Rabbi David Ingber’s Friday night sermon from Romemu last week is about doorways, and welcoming the stranger, and how we are all “immigrants” in this life, and what Jewish tradition asks of us as we relate to others. Here’s a taste:
“It’s an essential core piece of our human story. Boundaries, permeability, relationships. All of this is what it means to be human, and it’s part of the Jewish self-understanding, part of what we tell ourselves as Jews in our narrative.
Doors and doorways are fundamentally about liminality. About the in-between; about the spaces, whether physical, emotional, spiritual, intellectual, where we are in-between. We as a people have been known from time immemorial as those who cross over. We are the children of Abraham, the ivri. We know what it is to be boundary-crossers…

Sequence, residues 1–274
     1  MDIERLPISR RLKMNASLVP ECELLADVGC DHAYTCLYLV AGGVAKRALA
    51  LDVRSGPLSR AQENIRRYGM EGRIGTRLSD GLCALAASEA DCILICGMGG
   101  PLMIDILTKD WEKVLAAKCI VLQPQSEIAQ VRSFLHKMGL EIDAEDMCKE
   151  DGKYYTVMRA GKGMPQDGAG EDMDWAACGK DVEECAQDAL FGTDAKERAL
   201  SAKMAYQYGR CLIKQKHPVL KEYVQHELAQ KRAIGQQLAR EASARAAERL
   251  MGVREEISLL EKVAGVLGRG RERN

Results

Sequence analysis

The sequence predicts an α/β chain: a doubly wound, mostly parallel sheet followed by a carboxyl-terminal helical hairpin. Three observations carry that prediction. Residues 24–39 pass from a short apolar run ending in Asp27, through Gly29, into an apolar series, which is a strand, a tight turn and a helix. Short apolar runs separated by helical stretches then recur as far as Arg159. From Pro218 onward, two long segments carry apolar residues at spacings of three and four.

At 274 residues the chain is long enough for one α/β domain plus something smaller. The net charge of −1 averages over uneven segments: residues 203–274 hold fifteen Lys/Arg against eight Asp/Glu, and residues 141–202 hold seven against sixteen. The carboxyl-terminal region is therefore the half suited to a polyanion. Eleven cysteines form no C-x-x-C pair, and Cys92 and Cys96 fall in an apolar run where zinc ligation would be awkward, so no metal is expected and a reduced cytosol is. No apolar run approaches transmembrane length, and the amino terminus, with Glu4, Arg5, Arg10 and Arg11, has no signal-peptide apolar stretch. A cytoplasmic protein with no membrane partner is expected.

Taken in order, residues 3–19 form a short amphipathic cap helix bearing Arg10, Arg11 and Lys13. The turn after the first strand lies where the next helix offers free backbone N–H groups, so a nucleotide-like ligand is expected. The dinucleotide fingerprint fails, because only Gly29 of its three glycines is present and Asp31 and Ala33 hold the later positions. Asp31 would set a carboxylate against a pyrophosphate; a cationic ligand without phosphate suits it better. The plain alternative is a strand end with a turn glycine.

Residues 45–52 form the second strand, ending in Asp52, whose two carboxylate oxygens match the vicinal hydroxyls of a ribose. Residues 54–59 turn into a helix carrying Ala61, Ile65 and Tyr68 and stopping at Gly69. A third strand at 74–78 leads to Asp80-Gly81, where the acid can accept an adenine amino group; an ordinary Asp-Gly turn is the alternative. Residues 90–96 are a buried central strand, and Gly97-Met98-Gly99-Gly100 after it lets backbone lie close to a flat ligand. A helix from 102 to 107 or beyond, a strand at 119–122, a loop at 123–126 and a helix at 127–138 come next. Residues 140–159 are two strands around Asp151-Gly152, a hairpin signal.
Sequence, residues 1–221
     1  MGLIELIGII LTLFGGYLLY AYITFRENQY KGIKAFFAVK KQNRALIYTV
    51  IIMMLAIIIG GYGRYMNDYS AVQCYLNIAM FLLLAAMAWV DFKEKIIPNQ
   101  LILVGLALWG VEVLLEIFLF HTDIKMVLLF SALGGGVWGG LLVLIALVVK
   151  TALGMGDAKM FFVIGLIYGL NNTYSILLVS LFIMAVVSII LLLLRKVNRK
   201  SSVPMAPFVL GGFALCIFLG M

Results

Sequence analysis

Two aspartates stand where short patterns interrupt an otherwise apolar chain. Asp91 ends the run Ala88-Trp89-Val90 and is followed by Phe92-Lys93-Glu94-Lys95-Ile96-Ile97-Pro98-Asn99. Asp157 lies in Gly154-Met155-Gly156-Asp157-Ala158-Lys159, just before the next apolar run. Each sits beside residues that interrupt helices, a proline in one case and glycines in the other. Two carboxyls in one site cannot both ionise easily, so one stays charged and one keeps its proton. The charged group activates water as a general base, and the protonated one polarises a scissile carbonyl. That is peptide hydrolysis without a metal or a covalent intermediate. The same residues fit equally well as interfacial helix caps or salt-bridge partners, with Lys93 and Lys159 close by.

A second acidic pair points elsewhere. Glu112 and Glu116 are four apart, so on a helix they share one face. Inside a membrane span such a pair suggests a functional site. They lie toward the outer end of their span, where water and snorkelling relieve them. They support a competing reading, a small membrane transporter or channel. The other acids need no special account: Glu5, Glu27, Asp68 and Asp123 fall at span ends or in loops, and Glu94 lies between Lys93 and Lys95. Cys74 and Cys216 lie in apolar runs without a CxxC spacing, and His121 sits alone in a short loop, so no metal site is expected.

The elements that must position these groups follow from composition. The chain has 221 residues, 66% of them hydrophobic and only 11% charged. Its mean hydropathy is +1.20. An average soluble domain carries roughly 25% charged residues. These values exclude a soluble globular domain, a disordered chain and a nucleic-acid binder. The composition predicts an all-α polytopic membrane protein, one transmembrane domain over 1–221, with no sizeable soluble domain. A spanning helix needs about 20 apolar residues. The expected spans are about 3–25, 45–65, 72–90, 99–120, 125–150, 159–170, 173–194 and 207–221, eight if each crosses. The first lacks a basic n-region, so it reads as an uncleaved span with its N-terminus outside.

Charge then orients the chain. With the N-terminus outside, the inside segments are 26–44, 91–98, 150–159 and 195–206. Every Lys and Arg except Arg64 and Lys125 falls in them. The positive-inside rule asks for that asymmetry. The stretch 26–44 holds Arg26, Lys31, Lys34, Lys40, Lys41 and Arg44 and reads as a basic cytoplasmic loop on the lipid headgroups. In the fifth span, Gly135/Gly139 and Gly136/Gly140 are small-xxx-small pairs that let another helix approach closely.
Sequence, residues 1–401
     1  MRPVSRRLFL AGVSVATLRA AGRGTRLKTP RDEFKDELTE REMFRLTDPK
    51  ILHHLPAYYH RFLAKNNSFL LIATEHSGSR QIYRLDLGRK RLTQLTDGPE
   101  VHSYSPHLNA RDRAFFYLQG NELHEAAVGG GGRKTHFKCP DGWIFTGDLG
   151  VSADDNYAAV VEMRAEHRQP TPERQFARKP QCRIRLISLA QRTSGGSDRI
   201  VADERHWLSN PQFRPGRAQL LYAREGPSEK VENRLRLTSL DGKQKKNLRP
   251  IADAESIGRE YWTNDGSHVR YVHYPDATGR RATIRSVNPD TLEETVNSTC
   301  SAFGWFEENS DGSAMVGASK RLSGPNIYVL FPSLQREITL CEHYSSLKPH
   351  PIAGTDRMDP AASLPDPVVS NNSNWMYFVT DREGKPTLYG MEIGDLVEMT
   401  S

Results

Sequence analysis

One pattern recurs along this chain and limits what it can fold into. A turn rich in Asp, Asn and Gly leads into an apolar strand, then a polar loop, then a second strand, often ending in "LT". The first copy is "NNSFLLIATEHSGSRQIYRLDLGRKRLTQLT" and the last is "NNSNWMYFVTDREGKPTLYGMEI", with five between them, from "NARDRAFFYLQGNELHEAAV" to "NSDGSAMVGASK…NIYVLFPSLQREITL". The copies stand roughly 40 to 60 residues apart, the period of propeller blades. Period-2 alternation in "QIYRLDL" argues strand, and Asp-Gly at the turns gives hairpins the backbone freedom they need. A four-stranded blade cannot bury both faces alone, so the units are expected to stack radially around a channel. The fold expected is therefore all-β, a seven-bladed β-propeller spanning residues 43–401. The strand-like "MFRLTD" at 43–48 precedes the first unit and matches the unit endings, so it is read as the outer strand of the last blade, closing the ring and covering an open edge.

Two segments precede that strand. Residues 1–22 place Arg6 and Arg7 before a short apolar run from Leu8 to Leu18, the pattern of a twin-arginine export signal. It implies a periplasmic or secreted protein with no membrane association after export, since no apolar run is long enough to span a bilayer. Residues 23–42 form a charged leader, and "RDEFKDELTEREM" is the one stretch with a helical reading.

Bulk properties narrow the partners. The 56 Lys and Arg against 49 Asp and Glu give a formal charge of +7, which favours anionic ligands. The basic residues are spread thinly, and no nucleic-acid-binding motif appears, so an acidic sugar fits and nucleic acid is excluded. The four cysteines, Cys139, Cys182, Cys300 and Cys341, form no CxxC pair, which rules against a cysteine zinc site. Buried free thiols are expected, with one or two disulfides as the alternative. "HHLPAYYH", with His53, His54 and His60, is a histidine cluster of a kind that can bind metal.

Every child who is born into this world is born an immigrant. Each and every human being comes into an unknown world whose culture will have to be learned. We begin life as immigrants, as boundary-crossers, as those who leave and who enter, who come and go through life’s doorways.”
The sermon is available both on Soundcloud and on YouTube:
On Soundcloud: People of the Door.
(If you can’t see the embedded video, here’s a link directly to it at youtube.)
Deep thanks to Rabbi David Ingber for this deep Torah, both timeless and timely.
Shabbat shalom to all.